This is part one of a new article by Michael M. Gunter, who surveys some of the more important events that took place for the Kurds during 2022 and thus implicitly looks forward to what the new year, 2023, will bring. Part two to follow.
Beginning with NATO’s seeming relegation of the Kurds because of the war in Ukraine that began in February, continuing with the debate over delisting the PKK as a terrorist organization, and ending with the Turkish bombings in Rojava (Northeastern/Kurdish Syria) in November and the murder of three prominent Kurdish activists in Paris by parties yet to be determined in December, among others, 2022 brought major new crises to Kurdish relations, particularly with the United States, Turkey, and the European Union (EU).
NATO’s Concessions to Turkey
Russia’s invasion of Ukraine on February 24 scared traditionally neutral Sweden and Finland to apply for NATO membership. What are the implications for the Kurds—seemingly the continuing victim in international power politics—of NATO’s apparent concessions to Turkey to obtain its approval of Sweden and Finland joining NATO? At first glance they seem rather ominous since Sweden and Finland have had to assure Turkey that they will stand up against supposed Kurdish PKK terrorism, extradite Kurdish and other exiles back to Turkey, and in so doing betray their long-standing commitment to human rights. Point 8 of their 10-point deal seemed the most sensitive because it contained a commitment by Sweden and Finland “to address Turkiye’s [Turkey’s new official name] pending deportation or extradition requests of terror suspects expeditiously and thoroughly.” “Our government will be working closely with our Finnish and Swedish counterparts to implement this agreement,” announced Turkish Communications Director Fahrettin Altun, adding that the meeting between Recep Tayyip Erdogan, Jens Stoltenberg (NATO’s Secretary-General), and the leaders of Finland and Sweden “achieved concrete, specific and significant results regarding our concerns over terrorism.”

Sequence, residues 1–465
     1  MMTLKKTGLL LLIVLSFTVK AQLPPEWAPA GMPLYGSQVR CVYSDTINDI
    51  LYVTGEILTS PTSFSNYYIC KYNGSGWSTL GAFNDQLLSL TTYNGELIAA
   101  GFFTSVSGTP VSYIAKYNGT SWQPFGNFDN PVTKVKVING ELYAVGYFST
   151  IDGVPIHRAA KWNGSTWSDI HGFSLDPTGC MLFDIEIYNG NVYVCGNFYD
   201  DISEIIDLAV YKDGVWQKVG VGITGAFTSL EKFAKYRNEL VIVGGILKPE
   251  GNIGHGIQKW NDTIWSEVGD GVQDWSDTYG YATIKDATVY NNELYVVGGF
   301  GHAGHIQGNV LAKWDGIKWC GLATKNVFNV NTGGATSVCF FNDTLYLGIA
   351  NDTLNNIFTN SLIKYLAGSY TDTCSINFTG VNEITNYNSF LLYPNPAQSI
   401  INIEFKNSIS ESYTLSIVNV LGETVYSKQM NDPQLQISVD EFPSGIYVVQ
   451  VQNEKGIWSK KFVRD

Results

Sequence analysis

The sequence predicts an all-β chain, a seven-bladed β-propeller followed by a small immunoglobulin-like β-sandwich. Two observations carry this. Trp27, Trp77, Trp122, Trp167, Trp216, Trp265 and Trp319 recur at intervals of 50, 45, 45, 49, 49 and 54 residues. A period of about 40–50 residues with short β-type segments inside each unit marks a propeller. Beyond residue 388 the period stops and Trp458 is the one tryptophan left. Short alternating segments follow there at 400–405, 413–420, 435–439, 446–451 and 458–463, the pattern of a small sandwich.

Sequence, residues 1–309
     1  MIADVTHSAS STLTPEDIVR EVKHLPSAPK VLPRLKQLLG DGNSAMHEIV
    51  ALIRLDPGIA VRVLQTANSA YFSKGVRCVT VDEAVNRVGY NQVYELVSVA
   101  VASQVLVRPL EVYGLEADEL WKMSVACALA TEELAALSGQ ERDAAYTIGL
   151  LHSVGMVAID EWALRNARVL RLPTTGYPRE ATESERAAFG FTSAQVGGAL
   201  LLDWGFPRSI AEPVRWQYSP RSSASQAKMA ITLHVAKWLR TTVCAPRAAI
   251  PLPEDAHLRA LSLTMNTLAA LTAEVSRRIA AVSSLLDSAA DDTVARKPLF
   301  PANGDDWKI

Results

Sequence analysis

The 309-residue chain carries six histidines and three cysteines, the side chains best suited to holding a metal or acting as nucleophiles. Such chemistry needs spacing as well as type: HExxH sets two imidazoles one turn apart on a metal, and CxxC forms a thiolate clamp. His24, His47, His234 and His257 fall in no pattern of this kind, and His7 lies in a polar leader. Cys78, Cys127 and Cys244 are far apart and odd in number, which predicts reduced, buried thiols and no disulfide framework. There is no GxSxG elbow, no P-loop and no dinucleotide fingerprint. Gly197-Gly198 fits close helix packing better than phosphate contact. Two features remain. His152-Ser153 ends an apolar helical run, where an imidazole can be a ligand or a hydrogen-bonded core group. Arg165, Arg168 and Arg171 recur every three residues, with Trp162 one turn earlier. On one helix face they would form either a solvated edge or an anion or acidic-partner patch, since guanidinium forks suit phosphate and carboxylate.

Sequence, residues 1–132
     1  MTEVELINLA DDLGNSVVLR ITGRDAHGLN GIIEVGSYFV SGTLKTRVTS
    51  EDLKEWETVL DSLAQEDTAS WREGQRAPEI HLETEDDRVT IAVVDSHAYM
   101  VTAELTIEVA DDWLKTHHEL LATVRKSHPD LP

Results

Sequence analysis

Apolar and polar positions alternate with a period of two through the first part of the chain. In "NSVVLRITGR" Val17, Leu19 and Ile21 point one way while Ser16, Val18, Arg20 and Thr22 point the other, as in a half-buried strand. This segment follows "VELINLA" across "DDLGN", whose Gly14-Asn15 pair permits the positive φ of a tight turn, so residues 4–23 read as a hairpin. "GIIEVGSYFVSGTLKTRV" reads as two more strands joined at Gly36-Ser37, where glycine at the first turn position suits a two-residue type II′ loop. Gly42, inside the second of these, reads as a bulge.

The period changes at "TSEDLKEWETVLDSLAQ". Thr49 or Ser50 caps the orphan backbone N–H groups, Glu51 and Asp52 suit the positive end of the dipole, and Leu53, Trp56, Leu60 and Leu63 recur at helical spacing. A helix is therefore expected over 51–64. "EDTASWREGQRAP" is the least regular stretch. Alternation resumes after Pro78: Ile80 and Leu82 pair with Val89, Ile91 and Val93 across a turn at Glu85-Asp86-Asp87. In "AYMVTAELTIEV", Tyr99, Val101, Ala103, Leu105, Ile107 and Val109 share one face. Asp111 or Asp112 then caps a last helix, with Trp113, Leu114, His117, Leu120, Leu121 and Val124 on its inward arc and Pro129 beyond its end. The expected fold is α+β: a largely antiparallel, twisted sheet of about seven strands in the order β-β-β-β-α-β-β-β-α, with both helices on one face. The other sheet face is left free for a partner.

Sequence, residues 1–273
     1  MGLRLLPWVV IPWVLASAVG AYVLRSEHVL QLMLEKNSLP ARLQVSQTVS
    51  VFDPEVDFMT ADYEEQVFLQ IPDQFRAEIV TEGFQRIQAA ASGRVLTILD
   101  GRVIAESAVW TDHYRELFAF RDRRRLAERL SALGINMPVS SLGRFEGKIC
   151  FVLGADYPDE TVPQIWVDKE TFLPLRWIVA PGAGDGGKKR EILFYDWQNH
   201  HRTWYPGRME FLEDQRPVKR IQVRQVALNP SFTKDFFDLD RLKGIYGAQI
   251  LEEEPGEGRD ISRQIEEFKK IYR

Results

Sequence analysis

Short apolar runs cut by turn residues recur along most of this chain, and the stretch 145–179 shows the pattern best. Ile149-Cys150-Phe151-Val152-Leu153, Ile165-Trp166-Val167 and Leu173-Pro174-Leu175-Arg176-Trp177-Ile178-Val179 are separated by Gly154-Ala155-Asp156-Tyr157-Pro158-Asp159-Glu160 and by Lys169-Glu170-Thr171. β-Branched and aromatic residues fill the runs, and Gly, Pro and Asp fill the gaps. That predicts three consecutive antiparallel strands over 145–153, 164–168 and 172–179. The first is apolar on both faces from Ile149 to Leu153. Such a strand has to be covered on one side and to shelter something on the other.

Significantly, added Altun, all parties, “agreed to full cooperation against the terror organization PKK and all its extensions.” This meant that Turkey viewed as terrorists such other groups as the Syrian Kurds. “Sweden and Finland committed to stand with Turkiye against all forms of terrorism and promised not to provide support to the PYD/YPG [Syrian Kurds].” The Turkish spokesman also cited the agreement on the two new NATO applicants lifting “restriction or sanctions on our defense industry” Further, Turkey claimed that Sweden and Finland “agreed to create an intelligence sharing and cooperation mechanism” to further these aims against Kurdish dissidents as well as “to ban any fundraising and recruitment activities by the PKK and its extensions.” Finally, a “Permanent Shared Mechanism” consisting of justice, intelligence, and security elements would oversee and verify the implementation of these steps.